A closer look on CSS parallax

There are many articles and blog posts out there describing how to quickly use CSS parallax to enhance your website. These introductory articles often lack the entire picture and overlook various pitfalls and issues associated with CSS parallax, which we'll take a closer look on in this article.

Estimated read time : 10 minutes

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Key takeaways

  • Using CSS parallax can greatly enhance your website
  • There are many hidden pitfalls and costs
  • Mobile browsers might be effected negatively


Recently I was tasked with implementing a parallax effect on a web application's hero image. The requirements were the following:

  1. The image should scroll slower than the rest of the page.
  2. The image, or rather the area that the image covers, should have a fixed height.

Naturally, for ease of use and performance reasons, I delved into the world of CSS parallax.

As many articles and blogs out there today will tell you, the way to implement CSS parallax is to wrap the content of the page in a containing element with 100% height and a perspective value, apply translateZ- and scale-transforms to any element you would like to parallax and voila, you're done!

While this may hold true for many use-cases out there, I quickly found out that this wasn't quite enough for what I needed. Below I list the numerous issues I encountered.

Nested elements

First off, I realized that 3d effects are not preserved in certain browsers if there are elements between the perspective wrapper and the parallax element. As the hero image I was trying to parallax was nested a few React components deep in the component tree, the parallax effect was lost.

The common solution here is to add transform-style: preserve-3d; to each in-between element to enable it to continue propagating any 3d effects. This presented another problem in the already existing codebase though - propagating 3d effects throughout the application meant that I couldn't use z-index anymore to control elements' stacking order. In this case, I managed to work around the issue by making sure there are no such in-between elements by moving the hero image up the hierarchy.

Image scaling

When playing around with the image's height and resizing the viewport (i.e. the browser window), I could see that the image was not scaled up enough if the viewport's height was larger than the image.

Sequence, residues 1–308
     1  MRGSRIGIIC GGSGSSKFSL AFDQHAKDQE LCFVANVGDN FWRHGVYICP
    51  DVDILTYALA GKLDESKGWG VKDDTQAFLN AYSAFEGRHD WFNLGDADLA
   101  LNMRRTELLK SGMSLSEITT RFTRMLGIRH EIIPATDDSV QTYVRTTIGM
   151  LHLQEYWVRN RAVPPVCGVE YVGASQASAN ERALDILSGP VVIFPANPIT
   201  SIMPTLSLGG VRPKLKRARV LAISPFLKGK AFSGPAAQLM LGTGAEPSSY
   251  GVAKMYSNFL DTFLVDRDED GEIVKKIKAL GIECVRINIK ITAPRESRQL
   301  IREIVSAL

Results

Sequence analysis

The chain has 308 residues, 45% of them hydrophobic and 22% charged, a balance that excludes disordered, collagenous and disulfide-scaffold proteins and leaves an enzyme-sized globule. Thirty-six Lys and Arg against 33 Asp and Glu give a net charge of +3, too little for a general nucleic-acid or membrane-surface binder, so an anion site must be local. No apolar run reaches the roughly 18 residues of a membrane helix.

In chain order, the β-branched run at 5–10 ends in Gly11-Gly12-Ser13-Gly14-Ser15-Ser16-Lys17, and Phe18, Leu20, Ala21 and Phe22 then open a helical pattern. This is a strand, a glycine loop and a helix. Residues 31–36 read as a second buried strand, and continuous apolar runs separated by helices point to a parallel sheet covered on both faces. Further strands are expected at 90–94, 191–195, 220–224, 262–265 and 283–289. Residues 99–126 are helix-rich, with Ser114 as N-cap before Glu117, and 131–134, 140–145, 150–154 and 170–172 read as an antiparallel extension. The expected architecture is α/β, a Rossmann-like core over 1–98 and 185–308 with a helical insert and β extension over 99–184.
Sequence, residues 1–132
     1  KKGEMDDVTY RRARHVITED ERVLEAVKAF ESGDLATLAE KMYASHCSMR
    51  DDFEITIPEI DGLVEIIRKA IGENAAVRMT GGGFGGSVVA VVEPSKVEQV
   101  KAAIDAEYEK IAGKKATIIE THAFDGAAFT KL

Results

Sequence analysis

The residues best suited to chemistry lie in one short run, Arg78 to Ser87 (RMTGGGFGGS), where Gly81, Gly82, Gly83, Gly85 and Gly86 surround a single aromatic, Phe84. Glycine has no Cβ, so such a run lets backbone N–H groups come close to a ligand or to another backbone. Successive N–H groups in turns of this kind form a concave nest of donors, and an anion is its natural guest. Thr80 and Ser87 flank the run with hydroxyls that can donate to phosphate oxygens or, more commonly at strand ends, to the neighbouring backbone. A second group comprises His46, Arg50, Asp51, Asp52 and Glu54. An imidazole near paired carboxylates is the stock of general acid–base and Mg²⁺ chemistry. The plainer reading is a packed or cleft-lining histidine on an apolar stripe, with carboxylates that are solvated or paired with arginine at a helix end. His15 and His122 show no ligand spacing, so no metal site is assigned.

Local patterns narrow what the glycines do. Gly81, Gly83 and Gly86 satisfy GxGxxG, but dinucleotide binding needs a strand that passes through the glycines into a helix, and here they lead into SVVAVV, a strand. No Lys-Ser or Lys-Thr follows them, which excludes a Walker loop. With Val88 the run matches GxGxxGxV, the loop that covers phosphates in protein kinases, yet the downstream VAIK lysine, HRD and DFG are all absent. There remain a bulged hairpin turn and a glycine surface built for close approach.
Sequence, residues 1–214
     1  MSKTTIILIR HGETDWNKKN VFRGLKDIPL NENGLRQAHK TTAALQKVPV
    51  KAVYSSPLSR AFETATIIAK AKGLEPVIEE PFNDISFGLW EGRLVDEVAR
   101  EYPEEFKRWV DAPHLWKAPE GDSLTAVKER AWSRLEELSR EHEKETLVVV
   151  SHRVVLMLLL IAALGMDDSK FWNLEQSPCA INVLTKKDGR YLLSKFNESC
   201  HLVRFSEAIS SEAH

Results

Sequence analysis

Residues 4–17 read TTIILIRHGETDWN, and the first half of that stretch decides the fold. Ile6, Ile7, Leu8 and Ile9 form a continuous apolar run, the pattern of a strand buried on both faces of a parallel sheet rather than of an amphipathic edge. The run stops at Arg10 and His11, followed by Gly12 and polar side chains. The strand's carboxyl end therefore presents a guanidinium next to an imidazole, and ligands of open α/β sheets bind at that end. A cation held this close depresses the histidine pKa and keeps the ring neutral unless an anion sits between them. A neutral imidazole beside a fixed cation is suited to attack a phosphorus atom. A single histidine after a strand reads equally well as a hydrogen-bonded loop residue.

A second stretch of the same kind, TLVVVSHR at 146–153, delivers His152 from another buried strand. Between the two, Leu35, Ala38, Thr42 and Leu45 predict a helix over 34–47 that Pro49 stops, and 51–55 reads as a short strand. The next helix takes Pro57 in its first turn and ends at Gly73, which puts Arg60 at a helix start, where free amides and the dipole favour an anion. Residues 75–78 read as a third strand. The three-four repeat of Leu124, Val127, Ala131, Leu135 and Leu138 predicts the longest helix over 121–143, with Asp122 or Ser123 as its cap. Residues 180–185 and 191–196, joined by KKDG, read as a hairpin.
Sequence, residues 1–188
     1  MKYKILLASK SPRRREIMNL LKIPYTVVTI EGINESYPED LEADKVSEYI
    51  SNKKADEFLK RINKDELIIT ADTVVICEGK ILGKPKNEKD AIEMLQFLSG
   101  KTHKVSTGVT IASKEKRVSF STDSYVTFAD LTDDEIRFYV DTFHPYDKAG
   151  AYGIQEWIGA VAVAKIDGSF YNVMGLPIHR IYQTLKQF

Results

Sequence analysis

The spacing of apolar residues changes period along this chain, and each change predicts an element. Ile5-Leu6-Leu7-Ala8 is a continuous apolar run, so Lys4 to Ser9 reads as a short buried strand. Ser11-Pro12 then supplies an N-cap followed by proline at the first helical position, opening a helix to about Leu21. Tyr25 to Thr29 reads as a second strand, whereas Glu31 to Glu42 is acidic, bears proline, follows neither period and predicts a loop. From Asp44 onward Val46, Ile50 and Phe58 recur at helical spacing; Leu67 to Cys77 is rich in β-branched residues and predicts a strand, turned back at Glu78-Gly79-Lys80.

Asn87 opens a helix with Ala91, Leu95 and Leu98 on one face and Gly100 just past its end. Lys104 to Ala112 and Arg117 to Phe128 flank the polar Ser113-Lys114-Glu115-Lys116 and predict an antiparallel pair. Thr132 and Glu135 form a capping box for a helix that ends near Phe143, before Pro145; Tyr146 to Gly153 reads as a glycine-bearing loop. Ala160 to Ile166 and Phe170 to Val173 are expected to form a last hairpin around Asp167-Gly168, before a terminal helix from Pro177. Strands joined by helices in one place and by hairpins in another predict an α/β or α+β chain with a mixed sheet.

This makes sense when you think about it. If the image is parallaxed and the viewport is higher than the image, then there will be a gap when you scroll past it since the image scrolls slower than the rest of the page. To solve this, I used some javascript to add additional scaling to the image when resizing the viewport. The reverse is also true if the viewport's height is smaller than the image height - in that case, we actually do not need to scale the image up as much as its z-translation would otherwise require.

Another solution here could be to scale the height of the area that the image covers directly by setting the height to a percentage of the viewport's height. This would mean that the image occupies a variable height of the page.

Fixed elements

Since transformed elements create a new containing block, and setting perspective causes a transform to be applied, any element with position: fixed; inside the perspective wrapper will instead be absolutely positioned. This means that position: fixed; does not work inside a perspective container.

Fixed positioning for elements outside of the perspective wrapper do work though. However, if the fixed element is full-width, we end up with it covering up the application's scrollbar. This is because it covers the perspective container element, which is our "window" element.

To keep having a fixed full-width element, we can resort to using javascript to set the element's width according to the perspective container element's clientWidth, which excludes its scrollbar.

Another solution for having semi-fixed full-width elements at the top of the screen such as a header, is to instead use position: sticky; which does work inside a perspective wrapper. Sticky positioning doesn't work very well for other types of fixed elements though, such as a footer.

Scroll events

With a perspective container element the window object in javascript cannot be relied upon for scroll events anymore. Since the perspective container element is now effectively our new window object, any "window" scroll event listeners should attach to that element instead.

Mobile browsers

Mobile browser-specific behavior is impacted negatively. Some mobile browsers, such as Chrome for Android, have specific behaviors for their address bar and other features that depend upon the user scrolling the window element. This means that the address bar may not show or hide properly while scrolling through the page, at least not until you have scrolled all the way to the end. I have not found any satisfactory solution to this - I would recommend to disable CSS parallax using media queries for small screens, where the parallax effect is not as noticeable anyway.

Blurry text

Using scale-transforms may result in blurry text. You might be able to work around this in certain cases by skipping scale transforms entirely, and instead opting to manually increasing the width, height, and font size of your elements. Note that this might produce anti-aliasing issues in some browsers though, so it is recommended to use CSS parallax mostly on images and backgrounds.


CSS parallax can be a great contribution to the aesthetics of your website and at the same time be very performant, but there are many hurdles to overcome which adds complexity and development time. Once you know about the short-comings of the technology however, they become easier to manage. Hopefully this article will allow you to focus more on the great look and feel CSS parallax can give to your website.